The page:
/sarc (a tag always needed, even when it seems the point is plain enough)

  • I wish my name was Fred

    Yes and i’m also a raaacist because i don’t walk around at night in the inner city. Funny how common sense can be turned on people.

  • mike malzahn

    very true. so how many muslims do you consider to be fundamentalists?

  • mike malzahn

    lol, talk about painting with a broad brush. i didn’t vote for trump the first time, but will this time. i was against his ban when it came out and still am, but this is a small issue.

  • mike malzahn

    “Let us be true neighbors by joining together in true defense of religious liberty.” does the author ever comment here? if, what do you think of the indonesian 2006 [so-called] religious harmony act?

  • mike malzahn
  • Patrick

    That’s one of the wonderful things about this country, you can vote for whoever you please.

  • mike malzahn

    true. although some will attack you for voting for trump, and i mean literally. so what exactly are trump supporters aiding and abetting that you don’t like [other than the travel ban]? market highs? record [low]unemployment rates?

  • Patrick

    Abuse of power – requesting a foreign govt. to announce an investigation of Biden regarding Burisma. It was clear that he did not need or want an actual investigation, just an announcement of one. It bothered him not a whit for his first 3 years in office, but once Biden showed strength in the presidential race, all of a sudden this is worth investigating? A man who has numerous bankruptcies and marriages is suddenly concerned about corruption??? That’s utterly laughable!
    But given the state of the economy and the unemployment rate, he could likely run his campaign on those two issues alone and win.

  • Emily Elizabeth Windsor-Cragg

    Religious liberty is one thing. The Right to believe what you feel is correct and RIGHT, is one thing. But claiming that your God’s teachings INCLUDE ANTI-SOCIAL and Criminal behavior, is another thing. The Quran TEACHES behaviors :: taqiyya, which is treachery; jizzya, which is protection tax racketeering; jihad, which is divide and conquer domination over others. These are not civil behavios–not anywhere. These are Mafia behaviors of a NONMORAL so-called “God.” And no society has to put up with such bad behavior from its citizens–not to even mention–abuse of women and little girls. But I don’t know the official Quranic terms for those behaviors.

  • mike malzahn

    so rainbow warrior is wrong in saying it has been since 2016. it started with the release of this ukraine phone call?

    let me ask you this, if biden wasn’t running for president, would the phone call have been alright?

  • Patrick

    Can’t speak for rainbow warrior, I’ll let others speak for themselves. And no, I don’t think Biden running for prez has any bearing on the appropriateness of the phone call. If any investigation needed to be done, it should have been through our own Justice Department. No favors needed to be asked of another nation.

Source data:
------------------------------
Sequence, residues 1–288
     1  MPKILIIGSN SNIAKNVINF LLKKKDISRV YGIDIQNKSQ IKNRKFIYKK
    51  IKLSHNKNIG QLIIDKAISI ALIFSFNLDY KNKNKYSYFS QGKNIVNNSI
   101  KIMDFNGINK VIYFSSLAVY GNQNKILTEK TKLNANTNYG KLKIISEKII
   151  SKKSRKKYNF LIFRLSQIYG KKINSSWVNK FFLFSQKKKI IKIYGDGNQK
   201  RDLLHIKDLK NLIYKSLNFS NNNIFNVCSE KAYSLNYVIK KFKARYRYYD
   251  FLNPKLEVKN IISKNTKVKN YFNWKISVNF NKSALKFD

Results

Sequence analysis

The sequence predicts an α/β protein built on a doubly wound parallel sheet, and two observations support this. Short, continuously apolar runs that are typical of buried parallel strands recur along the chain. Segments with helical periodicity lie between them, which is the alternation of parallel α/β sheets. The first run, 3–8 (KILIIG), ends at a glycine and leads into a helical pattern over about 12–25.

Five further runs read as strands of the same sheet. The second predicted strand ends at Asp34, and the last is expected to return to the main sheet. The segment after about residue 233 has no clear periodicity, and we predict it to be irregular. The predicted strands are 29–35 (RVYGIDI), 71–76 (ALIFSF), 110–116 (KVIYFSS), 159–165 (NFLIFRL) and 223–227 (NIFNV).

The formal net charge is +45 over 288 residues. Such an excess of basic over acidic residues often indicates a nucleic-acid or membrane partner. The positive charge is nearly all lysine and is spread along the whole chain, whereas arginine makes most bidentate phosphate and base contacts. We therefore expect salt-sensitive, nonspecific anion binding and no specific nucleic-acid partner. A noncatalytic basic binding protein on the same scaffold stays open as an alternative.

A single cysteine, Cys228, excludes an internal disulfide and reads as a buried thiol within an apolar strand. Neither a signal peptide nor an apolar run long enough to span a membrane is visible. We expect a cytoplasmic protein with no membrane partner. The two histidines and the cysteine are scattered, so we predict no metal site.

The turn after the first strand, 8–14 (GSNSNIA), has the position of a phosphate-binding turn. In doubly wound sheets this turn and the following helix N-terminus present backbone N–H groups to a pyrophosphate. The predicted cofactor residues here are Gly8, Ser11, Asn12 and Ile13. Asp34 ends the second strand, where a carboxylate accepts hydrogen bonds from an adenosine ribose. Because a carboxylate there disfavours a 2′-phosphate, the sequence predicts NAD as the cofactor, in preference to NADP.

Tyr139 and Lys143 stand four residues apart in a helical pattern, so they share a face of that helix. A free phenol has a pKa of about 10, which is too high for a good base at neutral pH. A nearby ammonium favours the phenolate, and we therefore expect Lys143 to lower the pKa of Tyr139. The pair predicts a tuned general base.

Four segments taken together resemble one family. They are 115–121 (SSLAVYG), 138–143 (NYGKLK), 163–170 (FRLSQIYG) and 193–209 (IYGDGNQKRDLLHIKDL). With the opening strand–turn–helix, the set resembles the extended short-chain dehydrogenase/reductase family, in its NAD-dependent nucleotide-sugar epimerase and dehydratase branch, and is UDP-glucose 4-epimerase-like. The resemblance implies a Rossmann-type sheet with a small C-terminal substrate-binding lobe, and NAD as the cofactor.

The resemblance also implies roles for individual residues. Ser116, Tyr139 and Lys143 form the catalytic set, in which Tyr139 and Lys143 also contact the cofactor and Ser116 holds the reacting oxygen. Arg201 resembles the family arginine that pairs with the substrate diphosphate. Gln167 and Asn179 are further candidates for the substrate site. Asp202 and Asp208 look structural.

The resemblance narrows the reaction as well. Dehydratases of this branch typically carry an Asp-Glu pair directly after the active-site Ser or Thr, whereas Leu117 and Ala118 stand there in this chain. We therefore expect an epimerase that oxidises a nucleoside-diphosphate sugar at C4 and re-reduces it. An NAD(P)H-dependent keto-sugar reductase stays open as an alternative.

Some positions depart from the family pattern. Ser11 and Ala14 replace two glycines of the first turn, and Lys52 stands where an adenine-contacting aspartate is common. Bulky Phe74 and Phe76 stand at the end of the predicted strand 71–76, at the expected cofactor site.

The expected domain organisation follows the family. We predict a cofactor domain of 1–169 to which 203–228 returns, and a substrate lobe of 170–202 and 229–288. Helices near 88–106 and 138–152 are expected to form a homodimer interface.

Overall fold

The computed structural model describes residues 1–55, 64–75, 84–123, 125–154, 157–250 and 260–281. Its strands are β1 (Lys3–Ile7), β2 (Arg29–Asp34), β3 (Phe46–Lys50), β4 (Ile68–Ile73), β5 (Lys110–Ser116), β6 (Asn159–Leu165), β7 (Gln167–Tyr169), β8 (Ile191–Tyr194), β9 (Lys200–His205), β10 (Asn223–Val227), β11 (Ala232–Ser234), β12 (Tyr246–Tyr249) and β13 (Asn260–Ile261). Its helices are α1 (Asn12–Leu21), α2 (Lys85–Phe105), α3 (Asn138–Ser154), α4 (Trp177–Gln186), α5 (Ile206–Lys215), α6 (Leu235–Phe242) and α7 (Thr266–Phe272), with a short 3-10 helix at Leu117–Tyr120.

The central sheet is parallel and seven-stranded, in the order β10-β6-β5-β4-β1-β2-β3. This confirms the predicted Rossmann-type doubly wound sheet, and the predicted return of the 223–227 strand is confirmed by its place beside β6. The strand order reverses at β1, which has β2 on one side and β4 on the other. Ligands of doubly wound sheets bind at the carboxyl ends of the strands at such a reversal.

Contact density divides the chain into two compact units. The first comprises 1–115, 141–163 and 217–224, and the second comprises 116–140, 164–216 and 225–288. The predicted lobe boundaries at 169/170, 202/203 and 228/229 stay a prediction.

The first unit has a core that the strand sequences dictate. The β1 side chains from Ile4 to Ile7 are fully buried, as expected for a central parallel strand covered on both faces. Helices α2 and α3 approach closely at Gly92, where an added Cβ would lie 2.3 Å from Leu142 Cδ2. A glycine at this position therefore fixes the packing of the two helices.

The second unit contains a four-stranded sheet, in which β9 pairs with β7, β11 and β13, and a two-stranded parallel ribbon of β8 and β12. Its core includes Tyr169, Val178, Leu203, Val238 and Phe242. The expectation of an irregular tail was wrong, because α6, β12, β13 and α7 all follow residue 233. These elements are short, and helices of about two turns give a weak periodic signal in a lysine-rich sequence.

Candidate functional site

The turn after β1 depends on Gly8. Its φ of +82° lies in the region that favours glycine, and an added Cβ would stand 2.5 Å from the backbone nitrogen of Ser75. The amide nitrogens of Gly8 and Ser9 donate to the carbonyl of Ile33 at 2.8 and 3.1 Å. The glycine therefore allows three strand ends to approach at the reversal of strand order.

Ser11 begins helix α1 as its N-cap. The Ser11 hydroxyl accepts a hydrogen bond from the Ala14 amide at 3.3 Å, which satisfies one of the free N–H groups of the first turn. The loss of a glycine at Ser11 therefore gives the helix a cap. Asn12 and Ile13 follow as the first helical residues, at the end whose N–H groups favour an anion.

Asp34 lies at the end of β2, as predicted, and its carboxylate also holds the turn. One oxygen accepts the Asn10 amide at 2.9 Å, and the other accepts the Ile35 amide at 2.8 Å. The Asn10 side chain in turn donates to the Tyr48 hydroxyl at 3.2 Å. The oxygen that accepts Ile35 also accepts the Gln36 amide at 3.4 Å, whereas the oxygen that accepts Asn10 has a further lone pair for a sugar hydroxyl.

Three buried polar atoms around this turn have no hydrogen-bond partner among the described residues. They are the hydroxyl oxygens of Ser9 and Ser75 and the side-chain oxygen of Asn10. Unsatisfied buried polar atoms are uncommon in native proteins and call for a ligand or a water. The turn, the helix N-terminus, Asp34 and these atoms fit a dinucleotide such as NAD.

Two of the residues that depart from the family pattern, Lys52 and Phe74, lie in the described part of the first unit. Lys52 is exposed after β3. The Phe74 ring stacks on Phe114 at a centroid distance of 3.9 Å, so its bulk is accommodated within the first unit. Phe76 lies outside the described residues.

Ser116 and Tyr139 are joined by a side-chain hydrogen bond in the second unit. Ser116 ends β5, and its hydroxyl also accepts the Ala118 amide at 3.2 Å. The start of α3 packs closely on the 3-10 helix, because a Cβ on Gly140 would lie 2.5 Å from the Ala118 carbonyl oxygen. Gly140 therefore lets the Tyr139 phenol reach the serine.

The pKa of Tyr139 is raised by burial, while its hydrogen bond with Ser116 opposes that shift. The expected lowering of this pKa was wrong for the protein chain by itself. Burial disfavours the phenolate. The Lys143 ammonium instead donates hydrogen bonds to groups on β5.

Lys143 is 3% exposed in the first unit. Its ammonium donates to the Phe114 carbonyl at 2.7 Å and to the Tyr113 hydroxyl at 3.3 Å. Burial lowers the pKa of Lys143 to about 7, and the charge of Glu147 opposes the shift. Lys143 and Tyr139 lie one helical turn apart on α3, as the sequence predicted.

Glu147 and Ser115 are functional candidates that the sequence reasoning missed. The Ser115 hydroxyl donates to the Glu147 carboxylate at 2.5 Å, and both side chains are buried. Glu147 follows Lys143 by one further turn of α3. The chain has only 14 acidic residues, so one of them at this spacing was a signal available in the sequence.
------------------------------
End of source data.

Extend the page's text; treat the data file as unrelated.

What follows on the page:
• mike malzahn

    how does our justice department investigate a ukrainian company?

  • mike malzahn

    i’m no asking you to speak for rainbow warrior. i’m asking you your opinion of his comment.

  • Patrick

    They don’t, they investigate the Bidens, which is what trump asked of Zelensky.

  • mike malzahn

    lol. right but you have to investigate the ukrainians to see what they got, if anything out of the bidens.

    you do understand how influence pedaling goes?

  • Patrick

    Influence pedaling? Here’s a couple of examples that may fit; “Russia, if you’re listening, I hope you find those emails” followed shortly by the release of thousands of an opponent’s emails. Or perhaps this; “I need you to do us a favor . . . “ followed by the withholding of already committed aid. A couple of examples among a multitude of possibilities.

  • mike malzahn

    ““Russia, if you’re listening, I hope you find those emails”” that is not influence pedaling. what influence could he pedal as a candid?

    yes, the second one is influence pedaling.

    you are yet to answer my question. why is that?

    here is another one [i’m sure you won’t answer], why was it ok for biden to brag about withholding aid to the Ukraine?

    and again, how does the department of justice in america investigate a ukrainian company?

  • mike malzahn

    lol. but you have to investigate the company in order to investigate the biden.

  • Patrick

    Obviously much took place prior to and after trump’s statement to Russia regarding the emails. His statement was a small sample within a larger event of influence pedaling. You don’t see it as influence pedaling, I do.
    So be it.
    Regarding the trump’s requested investigation of the Bidens; it was not a request to investigate a Ukrainian company. So the same request could have and should have been made to our own Justice Department.
    Hopefully this is now clear enough. If not . . . you’ll have to take it up elsewhere.

  • mike malzahn

    asking he russians to release Hilary’s emails [if they had them] is not influence pedaling by definition.

    “investigation of the Bidens; it was not a request to investigate a Ukrainian company” you have to do both. you can’t investigate the biden’s without investigating the company. of course you would involve the justice department as well, but you also need the ukrainians to cooperate.

  • mike malzahn

    in case you missed it: [cause you know, cnn and msnbc probably didn’t cover it]

  • How many xtians to you consider to be fundamentalists. Still spreading Islamophobia what mike?

  • mike malzahn

    to your first quesiton [the one without the quesiton mark]. 300 million.

    as to your second sentence, i don’t know what you mean to ask, or if that is supposed to be a statement?

    so how many muslims do you consider to be fundamentalists?

  • no muslims who I have known have shown that streak until my ex-wife who I have seen you interact with… Lenna.

  • mike malzahn

    you are lenna’s ex husband? where does she live [just a general location like city].

    are the salafi fundamentalist?

    how about the indonesians who circumcise their little girls, or demand a virginity test of women wanting to join the military? or is it the national police?

    looks like both the milirtary and police. or to marry a high ranking officer. is this fundamentalism in your book?

    so you aren’t going to answer my original question?